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Re: Borderline Personality Disorder Meds tina

Posted by Elizabeth on October 13, 2001, at 17:45:37

In reply to Borderline Personality Disorder Meds, posted by tina on October 12, 2001, at 14:35:20

> What is usually given to someone who has this disorder?

Nikki is right, just about everything is effective for some people with BPD. Here are the main types of medications used for this disorder (this list is not all-encompassing):

Antidepressants: help with dysphoria, mood reactivity, impulsivity, irritability, aggression, pessimism. SSRIs, MAOIs, and Effexor are the most common ones used, and Wellbutrin and Remeron are used sometimes as well. Tricyclics are probably contraindicated since they tend not to work and may even worsen symptoms.

Mood stabilizers: help with moodiness, irritability, impulsivity. Depakote, Lamictal, and Tegretol are known to be effective, and Neurontin is used sometimes but I think it's not as popular as the other ones. Lithium sometimes works but I think not as often as the anticonvulsant mood stabilizers. MS should particularly be considered if there are features suggestive of dysphoric mania or hypomania; some researchers think that bipolar II disorder or cyclothymia in women are sometimes misdiagnosed as BPD.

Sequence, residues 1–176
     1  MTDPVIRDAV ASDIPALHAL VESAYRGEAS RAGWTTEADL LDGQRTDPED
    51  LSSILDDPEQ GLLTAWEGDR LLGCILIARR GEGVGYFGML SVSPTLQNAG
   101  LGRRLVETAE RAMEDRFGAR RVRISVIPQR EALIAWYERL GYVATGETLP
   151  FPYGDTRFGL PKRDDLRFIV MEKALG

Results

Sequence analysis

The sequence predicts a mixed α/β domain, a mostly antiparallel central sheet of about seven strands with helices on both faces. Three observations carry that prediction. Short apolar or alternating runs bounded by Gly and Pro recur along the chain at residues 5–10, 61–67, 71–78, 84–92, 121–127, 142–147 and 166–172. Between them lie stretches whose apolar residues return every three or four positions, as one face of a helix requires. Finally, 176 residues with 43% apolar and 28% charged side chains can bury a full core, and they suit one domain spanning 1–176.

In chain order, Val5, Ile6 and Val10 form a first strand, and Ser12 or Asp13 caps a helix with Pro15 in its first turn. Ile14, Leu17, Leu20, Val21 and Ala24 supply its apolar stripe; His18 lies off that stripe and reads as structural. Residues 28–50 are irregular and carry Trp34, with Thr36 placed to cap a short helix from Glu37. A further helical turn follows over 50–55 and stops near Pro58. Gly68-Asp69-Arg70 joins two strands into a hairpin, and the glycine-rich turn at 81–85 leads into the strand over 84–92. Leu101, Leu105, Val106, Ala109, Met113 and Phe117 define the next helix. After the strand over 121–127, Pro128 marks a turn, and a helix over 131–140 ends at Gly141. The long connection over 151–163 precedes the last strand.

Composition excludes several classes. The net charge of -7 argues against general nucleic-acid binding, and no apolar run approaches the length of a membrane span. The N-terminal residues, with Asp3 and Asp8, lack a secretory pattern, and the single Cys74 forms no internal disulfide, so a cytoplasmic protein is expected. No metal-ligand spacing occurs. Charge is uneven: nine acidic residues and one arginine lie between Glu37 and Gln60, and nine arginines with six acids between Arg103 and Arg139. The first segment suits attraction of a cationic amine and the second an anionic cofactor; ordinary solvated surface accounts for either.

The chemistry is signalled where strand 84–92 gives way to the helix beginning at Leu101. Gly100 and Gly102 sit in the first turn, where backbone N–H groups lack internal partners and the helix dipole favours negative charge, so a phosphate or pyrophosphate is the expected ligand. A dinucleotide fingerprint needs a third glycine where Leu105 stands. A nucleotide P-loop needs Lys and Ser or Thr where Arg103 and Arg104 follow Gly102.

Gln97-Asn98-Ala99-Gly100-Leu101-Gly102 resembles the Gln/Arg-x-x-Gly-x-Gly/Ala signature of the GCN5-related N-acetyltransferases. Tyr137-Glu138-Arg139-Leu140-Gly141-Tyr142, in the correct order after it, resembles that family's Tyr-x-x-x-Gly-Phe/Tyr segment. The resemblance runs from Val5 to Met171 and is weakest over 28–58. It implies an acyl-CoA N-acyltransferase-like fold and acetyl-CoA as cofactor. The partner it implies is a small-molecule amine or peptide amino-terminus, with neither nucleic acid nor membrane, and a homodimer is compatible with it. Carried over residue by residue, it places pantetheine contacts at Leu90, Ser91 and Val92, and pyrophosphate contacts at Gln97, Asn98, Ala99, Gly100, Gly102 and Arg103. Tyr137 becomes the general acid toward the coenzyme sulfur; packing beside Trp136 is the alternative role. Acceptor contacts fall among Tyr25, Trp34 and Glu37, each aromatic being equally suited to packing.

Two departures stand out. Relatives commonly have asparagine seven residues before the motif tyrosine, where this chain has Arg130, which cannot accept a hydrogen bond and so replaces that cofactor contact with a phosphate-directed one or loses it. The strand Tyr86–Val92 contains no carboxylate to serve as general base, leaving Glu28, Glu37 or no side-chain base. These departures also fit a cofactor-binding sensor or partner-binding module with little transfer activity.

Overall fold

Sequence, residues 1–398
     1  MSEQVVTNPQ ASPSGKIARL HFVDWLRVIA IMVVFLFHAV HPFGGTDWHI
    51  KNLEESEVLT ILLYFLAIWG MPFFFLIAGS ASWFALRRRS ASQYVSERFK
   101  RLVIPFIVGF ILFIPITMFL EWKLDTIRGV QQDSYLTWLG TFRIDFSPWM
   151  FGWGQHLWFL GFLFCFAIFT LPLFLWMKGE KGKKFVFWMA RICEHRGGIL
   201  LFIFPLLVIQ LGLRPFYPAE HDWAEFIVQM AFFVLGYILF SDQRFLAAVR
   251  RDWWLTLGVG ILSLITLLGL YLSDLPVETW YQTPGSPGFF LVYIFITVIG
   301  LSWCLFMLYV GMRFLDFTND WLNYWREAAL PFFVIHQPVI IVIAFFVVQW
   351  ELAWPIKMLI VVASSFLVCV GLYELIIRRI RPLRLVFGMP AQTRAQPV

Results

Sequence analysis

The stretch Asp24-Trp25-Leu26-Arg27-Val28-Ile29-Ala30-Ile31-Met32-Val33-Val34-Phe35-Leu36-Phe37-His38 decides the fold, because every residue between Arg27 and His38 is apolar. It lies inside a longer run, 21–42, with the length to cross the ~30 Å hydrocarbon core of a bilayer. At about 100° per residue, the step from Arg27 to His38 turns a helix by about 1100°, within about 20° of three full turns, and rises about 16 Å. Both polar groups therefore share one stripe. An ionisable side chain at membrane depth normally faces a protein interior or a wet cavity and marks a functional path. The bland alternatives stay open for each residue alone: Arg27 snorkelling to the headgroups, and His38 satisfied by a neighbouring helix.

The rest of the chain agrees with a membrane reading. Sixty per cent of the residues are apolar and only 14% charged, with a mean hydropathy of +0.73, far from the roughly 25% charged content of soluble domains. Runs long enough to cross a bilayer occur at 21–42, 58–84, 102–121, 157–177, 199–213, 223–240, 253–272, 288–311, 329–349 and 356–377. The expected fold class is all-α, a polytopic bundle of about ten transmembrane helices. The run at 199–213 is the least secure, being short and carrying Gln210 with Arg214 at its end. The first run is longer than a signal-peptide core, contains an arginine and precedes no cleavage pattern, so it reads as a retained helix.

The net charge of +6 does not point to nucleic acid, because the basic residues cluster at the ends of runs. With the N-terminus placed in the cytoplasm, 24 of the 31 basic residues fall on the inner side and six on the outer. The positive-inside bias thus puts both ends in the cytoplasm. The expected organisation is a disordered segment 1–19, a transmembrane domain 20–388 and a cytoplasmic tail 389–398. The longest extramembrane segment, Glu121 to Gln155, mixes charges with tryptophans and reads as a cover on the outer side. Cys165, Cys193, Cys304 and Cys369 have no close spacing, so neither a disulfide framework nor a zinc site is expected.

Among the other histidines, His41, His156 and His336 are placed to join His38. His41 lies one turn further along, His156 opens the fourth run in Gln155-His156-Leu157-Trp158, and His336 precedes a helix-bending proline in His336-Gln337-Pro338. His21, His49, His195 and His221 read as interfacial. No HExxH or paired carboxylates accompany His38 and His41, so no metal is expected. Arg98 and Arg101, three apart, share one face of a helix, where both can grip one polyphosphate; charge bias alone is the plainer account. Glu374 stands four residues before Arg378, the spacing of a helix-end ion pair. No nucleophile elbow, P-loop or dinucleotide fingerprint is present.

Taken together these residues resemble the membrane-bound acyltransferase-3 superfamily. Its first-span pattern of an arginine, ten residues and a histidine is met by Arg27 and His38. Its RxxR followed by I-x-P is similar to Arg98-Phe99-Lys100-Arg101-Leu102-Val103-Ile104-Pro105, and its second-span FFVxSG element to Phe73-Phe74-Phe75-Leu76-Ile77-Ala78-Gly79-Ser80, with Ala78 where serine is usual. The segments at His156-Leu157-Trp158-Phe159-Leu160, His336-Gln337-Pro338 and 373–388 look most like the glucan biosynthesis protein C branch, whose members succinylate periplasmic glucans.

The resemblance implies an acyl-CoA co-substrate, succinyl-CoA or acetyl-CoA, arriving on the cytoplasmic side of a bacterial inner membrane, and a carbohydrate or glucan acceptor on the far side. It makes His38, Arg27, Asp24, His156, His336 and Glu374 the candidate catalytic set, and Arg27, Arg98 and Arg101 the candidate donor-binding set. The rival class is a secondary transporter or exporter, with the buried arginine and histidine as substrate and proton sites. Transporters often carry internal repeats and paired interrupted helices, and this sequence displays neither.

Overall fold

Antipsychotics: the main ones used are the newer and safer "atypical" antipsychotics: Zyprexa, Risperdal, Seroquel, Geodon. They can relieve aggression and suicidal obsessions and prevent suicidal or parasuicidal acts.

Benzodiazepines: help with anxiety and agitation; may relieve dissociative symptoms but sometimes exacerbate then. The most commonly used one is probably Klonopin; Xanax should be avoided as it has triggered serious behavioral disinhibition in some people with BPD (I think Valium has too, not sure).

Stimulants (Ritalin, Dexedrine, Adderall): Sometimes ADHD (particularly in women) is misdiagnosed as BPD or occurs together with BPD. Stimulants can help with irritability, aggression, and impulsivity.

The opioid antagonist naltrexone (Trexan, ReVia) may help with self-injury. It also is used as a treatment for alcohol and opioid addictions, to relieve cravings. I don't think this drug is used all that much in BPD, but I wanted to mention it because I have encountered a couple people who used to self-injure and who felt they were really helped by naltrexone.

I hope this is helpful. Good luck to you -- it's a hard-to-treat disorder, but there are more and more treatments being recognized as effective.





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